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Richard, Attorney
Category: Business Law
Satisfied Customers: 55013
Experience:  32 years of experience practicing law and a businessman.
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In 2004 my brother Stuart and I were talked into investing

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In 2004 my brother Stuart and I were talked into investing in a business soon after our mother's death by Stan a supposed friend of the family and very successful and trustworthy financial adviser. Stan is employed with the the investment bank that was handling my mother's and then our trusts. Stan told us he was investing either 1 or 200,000 personally. I read the business profile, saw a few red flags but thought if he was investing then that was good enough for me. My brother and I each invested 100k. The contract obligated the business to inform the investors on a quarterly basis as to the financial condition and the actions of the business. We've emailed repeatedly requesting info, but to no avail, until today. After calling the Bill the CEO (and I believe only employee) a few weeks ago and pressing him to send detailed financial reports including signed tax returns and balance sheets as well as an employee profile, and current business profile detailing what is going on with the business and more importantly where my 100k went. Today, I got page one of the supposed last 3 years tax returns, unsigned. I have googled this man and have found out he works as a CEO for another business and apparently was indited last year on charges of fraudulent business and writing the IRS a bad check. I uncovered a couple other questionable and what look like shady dealings. There's a lot more detail I could go into but here are my questions.

How do I determine if this is a legitimate company? What specifically should I request?

My sense is that this guy started this company to raise money to pay off other debt. He's kept it "running" to some degree, but has other wise moved on to focus on another business.

What are my legal rights?

Two or three years ago after repeatedly hammering this guy, my brother and I both received a check for 10k. Did this screw us? That's all we've received.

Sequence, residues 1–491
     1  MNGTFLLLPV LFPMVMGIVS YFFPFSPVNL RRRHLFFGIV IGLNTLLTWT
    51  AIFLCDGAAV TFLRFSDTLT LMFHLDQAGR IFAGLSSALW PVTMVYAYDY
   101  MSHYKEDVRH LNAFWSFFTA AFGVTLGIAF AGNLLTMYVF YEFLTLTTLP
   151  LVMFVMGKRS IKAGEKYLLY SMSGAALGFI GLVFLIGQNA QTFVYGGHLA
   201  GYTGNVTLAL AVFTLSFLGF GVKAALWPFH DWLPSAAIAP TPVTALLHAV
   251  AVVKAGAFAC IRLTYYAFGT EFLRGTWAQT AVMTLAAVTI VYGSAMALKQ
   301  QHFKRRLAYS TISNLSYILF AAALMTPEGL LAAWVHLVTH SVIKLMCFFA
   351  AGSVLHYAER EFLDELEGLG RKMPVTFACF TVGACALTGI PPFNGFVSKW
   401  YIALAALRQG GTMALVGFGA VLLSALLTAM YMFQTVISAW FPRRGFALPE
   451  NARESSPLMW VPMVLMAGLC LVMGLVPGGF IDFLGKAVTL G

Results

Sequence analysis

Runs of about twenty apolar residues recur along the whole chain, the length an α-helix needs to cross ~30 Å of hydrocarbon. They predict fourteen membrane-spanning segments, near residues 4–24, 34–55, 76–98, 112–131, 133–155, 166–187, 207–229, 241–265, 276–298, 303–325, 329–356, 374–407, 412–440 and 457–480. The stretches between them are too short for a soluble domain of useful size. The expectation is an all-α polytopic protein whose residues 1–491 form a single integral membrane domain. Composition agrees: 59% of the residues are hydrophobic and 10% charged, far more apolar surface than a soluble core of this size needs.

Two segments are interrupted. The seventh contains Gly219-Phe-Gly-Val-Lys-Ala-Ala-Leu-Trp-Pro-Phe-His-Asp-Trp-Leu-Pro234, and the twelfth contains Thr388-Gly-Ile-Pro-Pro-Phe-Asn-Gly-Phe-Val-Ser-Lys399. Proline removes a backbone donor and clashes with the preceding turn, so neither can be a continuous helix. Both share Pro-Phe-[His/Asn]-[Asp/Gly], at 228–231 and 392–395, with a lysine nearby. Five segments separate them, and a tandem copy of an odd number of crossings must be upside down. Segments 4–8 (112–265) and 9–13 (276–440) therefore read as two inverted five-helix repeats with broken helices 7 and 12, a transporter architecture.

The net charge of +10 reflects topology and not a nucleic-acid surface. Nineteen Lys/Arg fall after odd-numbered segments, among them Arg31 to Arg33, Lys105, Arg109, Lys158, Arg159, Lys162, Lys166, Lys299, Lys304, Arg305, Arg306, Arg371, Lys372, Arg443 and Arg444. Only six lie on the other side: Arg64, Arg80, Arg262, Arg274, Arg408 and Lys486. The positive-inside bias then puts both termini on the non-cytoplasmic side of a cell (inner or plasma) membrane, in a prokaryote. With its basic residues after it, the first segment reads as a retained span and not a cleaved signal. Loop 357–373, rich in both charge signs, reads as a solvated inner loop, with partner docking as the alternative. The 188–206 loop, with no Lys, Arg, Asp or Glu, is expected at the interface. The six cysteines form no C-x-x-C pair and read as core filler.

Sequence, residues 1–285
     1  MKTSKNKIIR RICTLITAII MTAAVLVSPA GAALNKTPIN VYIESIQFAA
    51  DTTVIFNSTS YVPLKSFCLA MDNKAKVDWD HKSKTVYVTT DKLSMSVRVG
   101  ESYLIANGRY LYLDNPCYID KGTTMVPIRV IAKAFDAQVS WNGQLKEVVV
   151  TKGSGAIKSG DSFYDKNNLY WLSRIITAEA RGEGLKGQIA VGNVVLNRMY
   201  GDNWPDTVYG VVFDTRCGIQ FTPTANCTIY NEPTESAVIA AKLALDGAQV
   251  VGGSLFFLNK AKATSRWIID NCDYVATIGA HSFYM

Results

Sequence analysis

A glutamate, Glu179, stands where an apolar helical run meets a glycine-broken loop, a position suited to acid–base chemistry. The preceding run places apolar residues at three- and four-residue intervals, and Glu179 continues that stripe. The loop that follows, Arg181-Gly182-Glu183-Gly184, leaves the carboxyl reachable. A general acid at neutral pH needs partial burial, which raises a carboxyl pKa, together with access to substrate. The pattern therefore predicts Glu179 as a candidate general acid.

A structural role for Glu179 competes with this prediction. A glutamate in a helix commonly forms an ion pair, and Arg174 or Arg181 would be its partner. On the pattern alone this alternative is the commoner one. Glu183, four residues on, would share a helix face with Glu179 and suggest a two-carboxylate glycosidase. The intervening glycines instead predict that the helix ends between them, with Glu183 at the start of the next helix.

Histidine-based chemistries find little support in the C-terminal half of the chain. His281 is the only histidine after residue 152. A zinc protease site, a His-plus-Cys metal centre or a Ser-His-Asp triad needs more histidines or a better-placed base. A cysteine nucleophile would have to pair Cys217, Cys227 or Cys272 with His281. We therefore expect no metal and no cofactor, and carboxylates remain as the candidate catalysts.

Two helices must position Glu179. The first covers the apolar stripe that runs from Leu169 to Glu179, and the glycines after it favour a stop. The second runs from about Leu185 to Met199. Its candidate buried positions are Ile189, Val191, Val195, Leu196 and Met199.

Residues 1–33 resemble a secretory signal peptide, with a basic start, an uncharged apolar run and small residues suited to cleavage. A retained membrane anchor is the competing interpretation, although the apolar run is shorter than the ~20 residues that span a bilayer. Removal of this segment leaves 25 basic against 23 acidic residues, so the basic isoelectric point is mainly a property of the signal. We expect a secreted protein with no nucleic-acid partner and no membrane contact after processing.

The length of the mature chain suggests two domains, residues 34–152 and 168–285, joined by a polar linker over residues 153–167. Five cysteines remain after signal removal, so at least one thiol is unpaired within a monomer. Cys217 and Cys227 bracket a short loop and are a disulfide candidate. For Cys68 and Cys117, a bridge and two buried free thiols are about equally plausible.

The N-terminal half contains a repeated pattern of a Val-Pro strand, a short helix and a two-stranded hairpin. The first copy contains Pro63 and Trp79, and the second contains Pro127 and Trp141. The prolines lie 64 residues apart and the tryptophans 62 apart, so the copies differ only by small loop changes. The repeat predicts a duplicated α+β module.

The two obvious red flags btw were that the sales person would receive a 13% commission. The second was that this guy owed back taxes to the IRS. I can't believe we fell for this, but again we never would have had Stan the family friend not told us he was investing. My other brother Mose was also set to invest, but the salesman curiously worked to get his investment back early because Mose was going through a divorce ...and I think mostly because Mose lives in the same town as the bank and near the town of the investment. Both Stuart and I live far away out of the country. So I think he thought there would be little chance of much confrontation, whereas with Mose living in town there would be plenty. Pretty nice 26k commission check for almost no work.

Is there some statue of time limitations that we need to be aware of?

What is the responsibility or liability of Stan in this case? We believed he was working for us and in our best interest. BTW, Stan after the fact never really would let on or answer the question of whether he ever invested. Clearly he did not.

Thank you for your time.

Barker Dalton
Submitted: 6 years ago.
Category: Business Law
Expert:  Richard replied 6 years ago.

Good evening. You have recourse against this guy on a multiple number of levels...i) first, he is guilty of securities fraud due to misrepresenting the investment and not fully disclosing all the risk factors to should contact the Securities Exchange Commission regarding this; ii) you should file a civil suit against him for fraud, usurpation of corporate opportunity, and breach of fiduciary duty...asking for not only actual damages, but also punitive damages; and iii) you should contact the district attorney to pursue criminal charges against him for fraud, theft, and related criminal charges.



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Customer: replied 6 years ago.
To be clear, we were apprised of the risk (that we could lose everything). I understand startup risks. But I don't think that's what is going on here. And are you referring to charging Stan the investment officer or Bill the business owner?

And first off, how do I know for sure this is what it obviously appears to be? What info do I need in your opinion to move forward and hire an attorney?

Is there a time statute of limitations in these cases?

Does acccepting the one time return mean anything? Does it disallow our ability to
bring charges?

Are there attorneys willing to work on these types of cases on a compensation related to verdict? Would you imagine it would be hard to find someone who would want to take this on? Thank you. I truly appreciate your time.
Expert:  Richard replied 6 years ago.

The statute of limitations on fraud in Ky. is 5 years, but you have ongoing fraud here. The statute of limitations on written contracts is 15 years.


I would pursue both Stan and Bill...get them to point fingers at each other.


The first thing you would do which you have already done and been rebuffed is demand all information, financial and otherwise, involving your investment and the company from its inception. Their failure to deliver this information gives rise to your causes of action.


It would be 50/50 on whether an attorney would take this on a contingent fee basis.



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